Ocean Energy SNAIL Launched off the UK

The Robert Gordon University’s ocean energy device, the “Sea Snail”, was successfully installed in Burra Sound, Orkney. The Snail, which was designed as a support system for tidal current energy devices, was towed out from Stromness Harbor earlier this month.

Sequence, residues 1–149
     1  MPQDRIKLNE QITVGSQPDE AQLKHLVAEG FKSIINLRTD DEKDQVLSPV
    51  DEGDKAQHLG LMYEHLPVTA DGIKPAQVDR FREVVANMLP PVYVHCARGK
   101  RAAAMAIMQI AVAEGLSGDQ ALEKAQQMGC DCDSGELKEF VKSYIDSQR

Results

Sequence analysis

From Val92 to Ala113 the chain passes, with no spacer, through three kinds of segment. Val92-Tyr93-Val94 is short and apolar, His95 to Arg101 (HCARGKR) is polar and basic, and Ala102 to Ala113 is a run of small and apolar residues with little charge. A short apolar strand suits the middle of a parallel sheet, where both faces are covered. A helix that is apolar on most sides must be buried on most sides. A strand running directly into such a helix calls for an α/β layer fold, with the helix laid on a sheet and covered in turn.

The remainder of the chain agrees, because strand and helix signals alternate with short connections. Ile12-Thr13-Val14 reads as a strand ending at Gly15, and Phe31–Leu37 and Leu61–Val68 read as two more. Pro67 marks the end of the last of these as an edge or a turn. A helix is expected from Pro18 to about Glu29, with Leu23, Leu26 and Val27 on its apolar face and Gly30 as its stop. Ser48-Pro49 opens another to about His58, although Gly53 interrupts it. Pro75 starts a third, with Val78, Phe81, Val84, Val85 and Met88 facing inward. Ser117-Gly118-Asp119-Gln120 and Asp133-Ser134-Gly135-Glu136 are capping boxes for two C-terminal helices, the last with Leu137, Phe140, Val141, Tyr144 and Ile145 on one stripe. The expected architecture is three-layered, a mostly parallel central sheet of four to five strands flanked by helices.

The Project leader, Alan Owen, reported that the device was securely sited on the sea bed at 6:30pm, exactly on schedule. The Snail, through its use of reversible hydrofoils to produce down force, is intended to tackle what many believe to be the biggest technical obstacle to the economic development of tidal current power: the difficulty of attaching energy extraction devices in energetic flows, where the sea bed does not allow conventional anchorage. “Alan has made a huge breakthrough for the economic development of tidal current power,” said Professor Ian Bryden, who originally conceived of the Snail concept. “Use of the Snail will allow the development of small energetic sites, which would not have been accessible to more conventional fixing concepts.” Tidal currents offer a substantial and predictable source of renewable energy. The Scottish resource alone, if developed effectively, could provide enough electricity to support a population of 15 million. At present the potential to use tidal energy is limited by installation methods for turbines, which require firm attachment to the seabed. This is very expensive and, at present, requires turbines to be placed in water depths greater than 25 m and less than 50 m. The full size SNAIL is a prefabricated tidal device that can be cheaply installed in shallow and deep water. This will significantly increase the number of suitable sites for turbines and reduce installation costs. In addition, the potential export market for prefabricated tidal current devices which can be installed without specialist hardware, is considerable. Given the potential of the technology to the Scottish economy, the project has received GBP 158,000 (USD 300,000) from Scottish Enterprise’s Proof of Concept Fund.
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